We have already recapped and reviewed Star Trek: Lower Decks season 3 episode 4, “Room for Growth,” and discussed it on the All Access Star Trek podcast; now we take a deep dive into all the Easter eggs and references that caught our eyes.
[NOTE: In some cases, the Trek connections are clear, with others it may just be our Trek interpretations; art is in the eye of the beholder. And, obviously… SPOILERS ahead]
Stop touching Masks!
The episode begins with Captain Freeman wearing an ancient mask, floating around the ship and converting it into an ancient temple. This was not only an homage to the Star Trek: The Next Generation episode “Masks,” but a follow-up, indicating that the “D’Arsay Archive situations” are actually common, thanks to Mariner’s comment that Starfleet needs to establish some new protocols to deal with them. It was also indicated that this wasn’t the first time that Captain Freeman had been possessed by a mask.
The way of the Dove
To give the engineering crew a break after they turned the Cerritos back into a ship, they were assigned a “mandatory vacation” to a spa ship named “The Dove.” The ship’s name might be a reference to a couple of other rehabilitation centers from Star Trek: The Original Series. The symbols for both the Tantalus Penal Colony (“Dagger of the Mind”) and the Elba II Assylum (“Whom Gods Destroy”) prominently featured a dove.
The Dove was run by Toz, who is only the second named Edosian in Star Trek history. The first of this three-armed tripod race was Arex from Star Trek: The Animated Series. Toz is also the first female seen of the species. Lower Decks previously featured an Edosian medical specialist who was responsible for taking officers impacted by science anomalies to “The Farm,” indicating health care could be common with the species.
Among other relaxation therapies on the Dove, we see a communal mud bath room, which could be an homage to the mud bath seen in TNG “Cost of Living” where Alexander and Lwaxana Troi visit the Paralax 2 colony of “free spirts” on the holodeck.
The biggest problem for the Dove specialists was getting the engineers to stop engineering and just to relax. Every step of the way, they turned various therapies into another way to work, like using the sand garden to redesign some schematics. All of this is reminiscent of the moment in the Star Trek: The Original Series episode “The Trouble with Tribbles” when Kirk finds Scotty reading a technical journal instead of taking shore leave and the engineer tells him that is how he relaxes.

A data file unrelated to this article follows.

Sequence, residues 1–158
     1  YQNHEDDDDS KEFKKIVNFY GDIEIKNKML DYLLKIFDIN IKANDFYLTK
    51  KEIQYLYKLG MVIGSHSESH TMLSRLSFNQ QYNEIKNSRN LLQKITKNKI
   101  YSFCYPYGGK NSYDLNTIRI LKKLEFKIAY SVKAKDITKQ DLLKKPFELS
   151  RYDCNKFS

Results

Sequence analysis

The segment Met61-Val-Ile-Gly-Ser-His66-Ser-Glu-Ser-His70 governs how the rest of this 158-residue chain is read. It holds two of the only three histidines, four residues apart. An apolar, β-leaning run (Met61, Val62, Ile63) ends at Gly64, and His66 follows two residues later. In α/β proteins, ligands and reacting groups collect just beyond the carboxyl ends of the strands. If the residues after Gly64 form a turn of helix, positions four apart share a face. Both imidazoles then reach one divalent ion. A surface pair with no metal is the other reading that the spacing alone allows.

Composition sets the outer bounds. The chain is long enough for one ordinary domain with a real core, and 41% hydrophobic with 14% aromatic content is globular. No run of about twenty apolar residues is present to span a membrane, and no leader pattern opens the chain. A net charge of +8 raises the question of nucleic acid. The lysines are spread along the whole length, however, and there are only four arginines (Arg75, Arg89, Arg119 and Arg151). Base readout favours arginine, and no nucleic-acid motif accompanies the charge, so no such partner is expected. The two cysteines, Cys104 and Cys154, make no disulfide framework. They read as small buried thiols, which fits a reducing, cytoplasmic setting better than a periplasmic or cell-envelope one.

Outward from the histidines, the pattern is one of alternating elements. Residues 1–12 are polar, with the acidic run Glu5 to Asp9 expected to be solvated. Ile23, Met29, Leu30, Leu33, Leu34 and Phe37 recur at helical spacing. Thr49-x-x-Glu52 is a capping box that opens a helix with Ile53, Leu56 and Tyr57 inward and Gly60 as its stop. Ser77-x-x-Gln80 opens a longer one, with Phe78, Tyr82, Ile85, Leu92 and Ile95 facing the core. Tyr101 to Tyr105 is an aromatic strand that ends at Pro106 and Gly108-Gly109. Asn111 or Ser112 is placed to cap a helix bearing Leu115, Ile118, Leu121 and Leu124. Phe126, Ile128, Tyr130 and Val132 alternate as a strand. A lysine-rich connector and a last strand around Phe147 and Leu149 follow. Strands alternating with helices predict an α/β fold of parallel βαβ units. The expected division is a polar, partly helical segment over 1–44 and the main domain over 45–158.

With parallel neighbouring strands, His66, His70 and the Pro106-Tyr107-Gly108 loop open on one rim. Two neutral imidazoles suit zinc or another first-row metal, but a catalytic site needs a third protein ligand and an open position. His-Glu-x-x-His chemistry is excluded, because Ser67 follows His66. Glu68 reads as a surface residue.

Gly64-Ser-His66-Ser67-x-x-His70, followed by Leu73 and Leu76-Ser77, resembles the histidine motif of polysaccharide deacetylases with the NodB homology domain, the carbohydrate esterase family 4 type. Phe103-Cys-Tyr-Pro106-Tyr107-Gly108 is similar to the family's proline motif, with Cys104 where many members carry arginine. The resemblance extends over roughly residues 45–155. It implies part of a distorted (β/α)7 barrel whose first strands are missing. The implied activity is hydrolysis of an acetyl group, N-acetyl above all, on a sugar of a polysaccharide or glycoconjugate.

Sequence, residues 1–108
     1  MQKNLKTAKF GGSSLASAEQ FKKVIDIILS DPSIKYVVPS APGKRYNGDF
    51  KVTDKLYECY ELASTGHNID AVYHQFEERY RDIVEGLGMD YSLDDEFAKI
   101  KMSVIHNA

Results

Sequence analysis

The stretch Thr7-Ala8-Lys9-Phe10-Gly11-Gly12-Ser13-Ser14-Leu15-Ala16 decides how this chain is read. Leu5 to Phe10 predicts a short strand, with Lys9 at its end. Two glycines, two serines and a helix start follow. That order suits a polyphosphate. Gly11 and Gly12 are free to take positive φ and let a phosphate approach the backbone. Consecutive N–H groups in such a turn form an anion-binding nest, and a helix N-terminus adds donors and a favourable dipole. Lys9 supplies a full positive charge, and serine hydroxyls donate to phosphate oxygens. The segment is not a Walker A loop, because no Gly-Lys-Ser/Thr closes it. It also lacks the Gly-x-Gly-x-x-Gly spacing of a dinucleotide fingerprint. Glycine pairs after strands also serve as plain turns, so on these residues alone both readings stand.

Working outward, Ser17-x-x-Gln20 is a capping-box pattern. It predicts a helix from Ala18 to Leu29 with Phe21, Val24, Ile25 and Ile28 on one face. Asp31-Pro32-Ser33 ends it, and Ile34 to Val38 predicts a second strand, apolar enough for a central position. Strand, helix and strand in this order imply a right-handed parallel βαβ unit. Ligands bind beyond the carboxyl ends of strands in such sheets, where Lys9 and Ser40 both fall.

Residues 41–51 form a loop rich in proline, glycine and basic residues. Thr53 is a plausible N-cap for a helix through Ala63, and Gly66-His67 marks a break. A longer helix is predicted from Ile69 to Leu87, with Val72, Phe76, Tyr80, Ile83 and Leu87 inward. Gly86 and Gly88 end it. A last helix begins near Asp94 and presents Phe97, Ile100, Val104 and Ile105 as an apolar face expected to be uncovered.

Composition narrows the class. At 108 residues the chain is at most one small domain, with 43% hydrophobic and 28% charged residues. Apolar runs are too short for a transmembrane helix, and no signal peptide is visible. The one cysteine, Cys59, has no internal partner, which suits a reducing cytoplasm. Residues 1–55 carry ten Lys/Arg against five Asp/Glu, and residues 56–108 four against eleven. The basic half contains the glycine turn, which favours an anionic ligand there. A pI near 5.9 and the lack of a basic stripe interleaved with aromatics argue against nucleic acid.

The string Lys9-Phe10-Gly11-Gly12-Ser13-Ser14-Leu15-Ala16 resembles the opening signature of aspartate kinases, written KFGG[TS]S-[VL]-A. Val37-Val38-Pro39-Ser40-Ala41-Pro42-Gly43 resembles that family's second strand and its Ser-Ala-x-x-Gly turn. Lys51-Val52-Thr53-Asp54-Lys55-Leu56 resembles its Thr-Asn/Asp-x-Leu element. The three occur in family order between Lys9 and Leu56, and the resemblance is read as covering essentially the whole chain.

What’s La Forge got to do with it?
When Captain Freeman cracked under her own pressure, frustrated by her own engineers she lashed out as Toz had her taken away. She cursed engineers in general calling them “goddamned Geordi La Forges,” invoking the name of Geordi La Forge, the chief engineer of the USS Enterprise on Star Trek: The Next Generation. Maybe there is some beef between Freeman and La Forge?
With the engineers on the Dove, the Cerritos crew had some free time. Dr. T’Ana and her boyfriend Shaxs chose to spend theirs in the holodeck recreating a Bonnie and Clyde-style bank robbery as part of their kinky “crimeplay.” The classic gangster setting was reminiscent of the Dixon Hill shootout scene in Star Trek: First Contact, especially when T’Ana removed the safety protocols. And Shaxs and T’Ana go really old school by doing it in black and white, like Tom Paris did with his Captain Proton holo adventures on Star Trek: Voyager.
As Captain Picard said in First Contact, “money doesn’t exist in the twenty-fourth century,” so the whole concept of the Shaxs/T’Ana holodeck program was a bit confusing to the ensigns who stumbled into it. Boimler thinks he knows what’s going on, calling it a “bonk,” and Mariner mocks “paper with no intrinsic value” before laughing at “money.” This money confusion is reminiscent of the famous conversation on Deep Space Nine (“In the Cards”) when Nog can’t get an answer out of Jake when he tries to get an explanation of how exactly humans function without money.
The last Doopler
As the ensigns worked their way through the swamp underneath the hydroponics bay, you could see some skeletal remains caught up in some of the roots. This appears to be a dead Doopler, one of the many copies of the Doopler Emmisary who came on board in the episode “An Embarrassment Of Dooplers.”
Finding the sweet spot
Another stop on the journey through the ship for the three ensigns was the deflector dish room, which they discovered had microgravity. While the series of different rooms with different challenges was reminiscent of the tour in the classic Willy Wonka & the Chocolate Factory, this room could also be a bit of an homage to Star Trek: Enterprise. In the series premiere “Broken Bow, the “space boomer” Travis Mayweather explains that every ship has a “sweet spot” where the artificial gravity is negated.
One of the gags in this episode was the story of a time when first officer Ransom was “turned into a caveman.” This is a storyline similar to what happened to the first officer of the USS Enterprise-D when Commander Riker de-evolved into a proto-human in the episode “Genesis.” We didn’t get to see Ransom as a caveman, but he apparently continues to keep his caveman wife “Churrolivia” alive with fresh churros from the cafeteria.
What did you see?
Spot any new Trek references we missed on Lower Decks? Have a favorite? Sound off in the comments below.
New episodes of Star Trek: Lower Decks premiere on Thursdays on Paramount+ in the U.S. and Latin America, and on CTV Sci-Fi Channel in Canada, where it’s also available to stream on Crave. It is available on Amazon Prime Video internationally on Fridays.
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